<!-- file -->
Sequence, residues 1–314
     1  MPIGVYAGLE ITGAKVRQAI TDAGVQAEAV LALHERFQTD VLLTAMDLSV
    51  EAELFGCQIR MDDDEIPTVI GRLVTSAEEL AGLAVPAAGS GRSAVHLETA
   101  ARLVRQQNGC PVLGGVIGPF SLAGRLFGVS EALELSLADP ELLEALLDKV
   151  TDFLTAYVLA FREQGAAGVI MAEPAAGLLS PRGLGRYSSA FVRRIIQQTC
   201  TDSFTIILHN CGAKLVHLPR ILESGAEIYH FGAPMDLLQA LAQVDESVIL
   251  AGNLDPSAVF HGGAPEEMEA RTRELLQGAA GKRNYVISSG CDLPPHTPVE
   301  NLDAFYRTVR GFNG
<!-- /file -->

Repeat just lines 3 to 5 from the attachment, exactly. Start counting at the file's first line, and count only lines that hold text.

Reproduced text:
    51  EAELFGCQIR MDDDEIPTVI GRLVTSAEEL AGLAVPAAGS GRSAVHLETA
   101  ARLVRQQNGC PVLGGVIGPF SLAGRLFGVS EALELSLADP ELLEALLDKV
   151  TDFLTAYVLA FREQGAAGVI MAEPAAGLLS PRGLGRYSSA FVRRIIQQTC